(N. by E.) from Morpeth; containing 67 inhabitants.
It was formerly, like East Chivington, of more importance than it is at present, as appears from the foundations of houses still to be seen. The township comprises
1816 acres, of a stiff soil, mostly arable; 150 acres are
meadow, and 500 wood: the surface is generally level,
the air salubrious, and there are fine sea views. The
tithes have been commuted for £150. 7. payable to the
Bishop of Carlisle, and £16. 2. to the vicar of the parish.
There was formerly a chapel, which has long been in ruins:
the burial-ground still remains.
Chobham (St. Lawrence)
CHOBHAM (St. Lawrence), a parish, in the
union of Chertsey, First division of the hundred of
Godley, W. division of Surrey, 4½ miles (E. S. E.)
from Bagshot; containing 1989 inhabitants. The parish
comprises about 13,000 acres, of which 4500 are arable,
pasture, and meadow, 40 wood and plantation, and the
rest waste and common forming part of Bagshot Heath;
the surface is hilly, and the soil generally sand, incumbent on beds of gravel. The village, which is situated in
a valley, is a polling-place for the western division of the
county: many of the houses are of red brick and well
built, and the shops are of respectable appearance. The
living is a vicarage, valued in the king's books at
£10. 2. 1.; net income, £148; patron, John Thornton,
Esq.; impropriators, Sir W. Abdy, Bart., and others.
The glebe contains about 70 acres. The church is in
the early style of English architecture, with modern
windows, and contains several neat monuments. A small
chapel of ease dedicated to the Trinity has been erected
at West-End, in the parish; and there is a place of worship for Baptists. A school is supported, to which
Thomas Bainbridge, Esq., bequeathed, in 1834, £360 in
the three per cent. consols.: there are a benevolent
society and a lying-in fund; and the parish derives
from £40 to £50 per annum from Henry Smith's
charity. At Chobham Park are the remains of a large
mansion, in which Archbishop Heath died, in 1579.
Near Westby Green is a chalybeate spring.
CHOLDERTON, EAST, a chapelry, in the parish of
Amport, union and hundred of Andover, Andover and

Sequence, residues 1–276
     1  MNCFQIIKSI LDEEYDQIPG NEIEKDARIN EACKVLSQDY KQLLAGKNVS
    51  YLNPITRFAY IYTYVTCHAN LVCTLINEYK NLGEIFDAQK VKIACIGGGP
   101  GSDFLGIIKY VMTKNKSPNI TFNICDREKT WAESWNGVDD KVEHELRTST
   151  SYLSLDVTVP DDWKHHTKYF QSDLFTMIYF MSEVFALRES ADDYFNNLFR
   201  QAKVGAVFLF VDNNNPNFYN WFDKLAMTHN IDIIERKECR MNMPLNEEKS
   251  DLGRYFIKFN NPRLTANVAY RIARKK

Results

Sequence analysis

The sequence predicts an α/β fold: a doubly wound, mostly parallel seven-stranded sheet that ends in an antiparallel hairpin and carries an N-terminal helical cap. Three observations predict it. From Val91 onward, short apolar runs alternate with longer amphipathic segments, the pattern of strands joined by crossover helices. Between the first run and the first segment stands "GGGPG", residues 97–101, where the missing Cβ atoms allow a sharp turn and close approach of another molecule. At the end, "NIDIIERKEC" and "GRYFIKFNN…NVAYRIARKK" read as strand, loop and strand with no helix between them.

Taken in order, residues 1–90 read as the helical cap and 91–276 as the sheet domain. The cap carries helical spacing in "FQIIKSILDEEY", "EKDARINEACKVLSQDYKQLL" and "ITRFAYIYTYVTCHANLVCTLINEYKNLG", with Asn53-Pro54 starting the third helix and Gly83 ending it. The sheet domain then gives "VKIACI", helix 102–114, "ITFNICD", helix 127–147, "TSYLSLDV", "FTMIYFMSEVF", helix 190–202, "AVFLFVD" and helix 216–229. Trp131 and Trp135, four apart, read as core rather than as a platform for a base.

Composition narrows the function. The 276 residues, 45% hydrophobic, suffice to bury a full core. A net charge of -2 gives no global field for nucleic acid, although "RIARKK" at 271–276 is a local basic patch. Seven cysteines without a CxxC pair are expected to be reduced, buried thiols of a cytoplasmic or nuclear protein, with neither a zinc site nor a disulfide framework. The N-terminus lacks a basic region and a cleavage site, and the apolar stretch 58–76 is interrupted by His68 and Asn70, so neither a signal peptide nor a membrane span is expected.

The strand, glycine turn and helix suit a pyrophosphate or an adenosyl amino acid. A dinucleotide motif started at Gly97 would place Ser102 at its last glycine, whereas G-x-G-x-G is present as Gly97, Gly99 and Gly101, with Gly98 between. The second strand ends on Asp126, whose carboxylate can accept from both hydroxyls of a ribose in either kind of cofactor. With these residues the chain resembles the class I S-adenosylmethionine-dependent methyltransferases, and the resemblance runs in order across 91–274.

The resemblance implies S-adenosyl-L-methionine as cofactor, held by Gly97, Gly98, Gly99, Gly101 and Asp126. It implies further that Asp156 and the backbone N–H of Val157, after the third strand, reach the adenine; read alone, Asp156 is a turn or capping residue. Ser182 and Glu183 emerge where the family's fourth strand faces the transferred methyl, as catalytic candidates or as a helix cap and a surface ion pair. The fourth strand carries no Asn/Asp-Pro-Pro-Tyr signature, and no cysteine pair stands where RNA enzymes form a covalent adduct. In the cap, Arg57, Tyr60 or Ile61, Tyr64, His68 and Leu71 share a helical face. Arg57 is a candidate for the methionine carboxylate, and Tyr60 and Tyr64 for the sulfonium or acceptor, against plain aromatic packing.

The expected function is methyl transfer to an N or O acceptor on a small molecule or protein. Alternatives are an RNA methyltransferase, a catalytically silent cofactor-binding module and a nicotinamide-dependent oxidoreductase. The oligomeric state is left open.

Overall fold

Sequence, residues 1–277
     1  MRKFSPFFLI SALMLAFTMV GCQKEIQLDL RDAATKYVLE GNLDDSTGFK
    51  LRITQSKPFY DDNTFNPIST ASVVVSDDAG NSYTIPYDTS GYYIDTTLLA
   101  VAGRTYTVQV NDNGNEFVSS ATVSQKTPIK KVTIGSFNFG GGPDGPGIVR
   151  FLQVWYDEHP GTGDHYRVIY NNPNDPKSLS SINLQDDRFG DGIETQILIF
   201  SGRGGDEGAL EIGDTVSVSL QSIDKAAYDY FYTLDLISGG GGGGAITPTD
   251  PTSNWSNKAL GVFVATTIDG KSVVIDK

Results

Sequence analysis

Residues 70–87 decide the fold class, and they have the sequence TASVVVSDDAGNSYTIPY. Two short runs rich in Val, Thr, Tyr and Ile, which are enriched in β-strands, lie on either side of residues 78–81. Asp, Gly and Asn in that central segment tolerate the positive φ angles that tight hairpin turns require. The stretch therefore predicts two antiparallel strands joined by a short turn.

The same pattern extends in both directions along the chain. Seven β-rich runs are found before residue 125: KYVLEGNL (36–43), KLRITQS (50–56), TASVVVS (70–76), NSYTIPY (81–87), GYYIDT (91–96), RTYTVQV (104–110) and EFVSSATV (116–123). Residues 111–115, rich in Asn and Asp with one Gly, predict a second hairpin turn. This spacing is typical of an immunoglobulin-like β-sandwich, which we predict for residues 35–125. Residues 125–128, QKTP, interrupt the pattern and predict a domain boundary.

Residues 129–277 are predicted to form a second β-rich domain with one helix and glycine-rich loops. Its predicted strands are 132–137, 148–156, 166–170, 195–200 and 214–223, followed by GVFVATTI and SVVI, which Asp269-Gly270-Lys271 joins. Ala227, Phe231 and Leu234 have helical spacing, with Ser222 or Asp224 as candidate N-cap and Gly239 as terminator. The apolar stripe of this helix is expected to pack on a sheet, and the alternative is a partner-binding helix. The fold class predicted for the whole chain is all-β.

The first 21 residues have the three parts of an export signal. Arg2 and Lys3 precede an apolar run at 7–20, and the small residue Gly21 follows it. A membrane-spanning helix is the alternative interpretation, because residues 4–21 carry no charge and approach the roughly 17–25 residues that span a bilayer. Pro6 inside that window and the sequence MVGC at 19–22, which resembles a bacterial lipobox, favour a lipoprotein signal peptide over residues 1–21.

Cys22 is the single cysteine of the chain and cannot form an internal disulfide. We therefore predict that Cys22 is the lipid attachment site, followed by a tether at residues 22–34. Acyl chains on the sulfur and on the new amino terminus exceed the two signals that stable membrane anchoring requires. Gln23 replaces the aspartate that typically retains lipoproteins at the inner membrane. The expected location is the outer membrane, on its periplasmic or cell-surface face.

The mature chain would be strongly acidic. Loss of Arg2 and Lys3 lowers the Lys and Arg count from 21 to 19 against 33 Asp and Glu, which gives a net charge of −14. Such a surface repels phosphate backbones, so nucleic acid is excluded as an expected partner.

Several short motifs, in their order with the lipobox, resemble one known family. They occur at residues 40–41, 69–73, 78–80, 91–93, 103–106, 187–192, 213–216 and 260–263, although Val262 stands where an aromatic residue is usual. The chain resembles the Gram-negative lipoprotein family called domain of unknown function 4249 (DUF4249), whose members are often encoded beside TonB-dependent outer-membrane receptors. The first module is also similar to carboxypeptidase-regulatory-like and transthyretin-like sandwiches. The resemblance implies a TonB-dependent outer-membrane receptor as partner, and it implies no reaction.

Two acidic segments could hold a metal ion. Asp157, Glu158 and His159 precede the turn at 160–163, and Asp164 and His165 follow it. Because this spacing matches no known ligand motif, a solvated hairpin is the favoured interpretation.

N. divisions of the county of Southampton, 5 miles
(W.) from Andover; containing 328 inhabitants.
Cholderton, West (St. Nicholas)
CHOLDERTON, WEST (St. Nicholas), a parish,
in the union and hundred of Amesbury, Salisbury and
Amesbury, and S. divisions of Wilts, 5 miles (E. by N.)
from Amesbury; containing 170 inhabitants. It comprises by measurement 1662 acres, of which 1410 are
arable, 147 meadow and pasture, and 35 woodland: the
new road from Salisbury to Marlborough passes through
the village. The living is a rectory, valued in the king's
books at £11. 0. 7½., and in the patronage of Oriel College,
Oxford: the tithes have been commuted for £267, and
the glebe contains 9 acres, with a glebe-house lately
built. A new church has been erected near the site of
the old one. Anthony Cratcherode, Esq., in 1753,
bequeathed £12 per annum for charitable purposes.
Chollerton (St. Giles)
CHOLLERTON (St. Giles), a parish, in the union
of Hexham, N. E. division of Tindale ward, S. division
of Northumberland; containing, with the chapelry
of Birtley, and the townships of Barrasford, Colwell
with Swinburn, and Gunnerton with Chipchase, 1129
inhabitants, of whom 155 are in the township of Chollerton, 6 miles (N.) from Hexham. The living is a
vicarage, valued in the king's books at £6. 14. 4½.; net
income, £361; patron and incumbent, the Rev. C. Bird;
impropriators, the Mercers' Company and others. The
great tithes of the township of Chollerton have been
commuted for £233, and the small for £76; the vicar
has a glebe of 7 acres. The church contains an east
window of stained glass. At Birtley is a separate incumbency. About a mile from the village of Chollerton
was the line of the walls and fosse erected by the Romans
and South Britons, at various times, to protect themselves from the incursions of the Picts.
CHOLMONDELEY, a township, in the parish of
Malpas, union of Nantwich, Higher division of the
hundred of Broxton, S. division of the county of
Chester, 7½ miles (W.) from Nantwich; containing
260 inhabitants. Cholmondeley House was garrisoned
in 1643, by 400 royalists, who, in the month of April,
were attacked and defeated by the parliamentary troops
from Nantwich, losing 50 men and 600 horses; it was
afterwards recaptured by the royalists, who were driven
from it again on the 30th of June, 1644. The present
splendid seat of the Marquess of Cholmondeley, about
half a mile from the former house, was begun in 1801,
and completed in 1804; a chapel, to which the tenants
may resort, is attached to it. The township comprises
1691 acres; the soil is clay, with a little sand. The
tithes of the township, with those of Bickley, Bulkeley,
and Larkton, have been commuted for £342 payable to
the impropriators, and £32. 8. to the rector of Malpas.
CHOLMONDSTONE, a township, in the parish of
Acton, union and hundred of Nantwich, S. division of
the county of Chester, 4½ miles (N. by W.) from Nantwich; containing 206 inhabitants. It comprises 1740
acres, of which the soil is clay.
CHOLSALL, a hamlet, in the parish of St. Helen,
union of Abingdon, hundred of Hormer, county of
Berks; containing 16 inhabitants.
Cholsey (St. Mary)
CHOLSEY (St. Mary), a parish, in the union and
parliamentary borough of Wallingford, hundred of
Reading, though locally in the hundred of Moreton,
county of Berks, 3 miles (S. W.) from Wallingford;
containing 1191 inhabitants. This place was distinguished for its monastery, founded in 986, by Ethelred,
as an atonement for the murder of his brother, Edward
the Martyr, and which, together with the village, was
destroyed by the Danes in 1006. The manor belonged
to the abbots of Reading, who had a splendid seat here,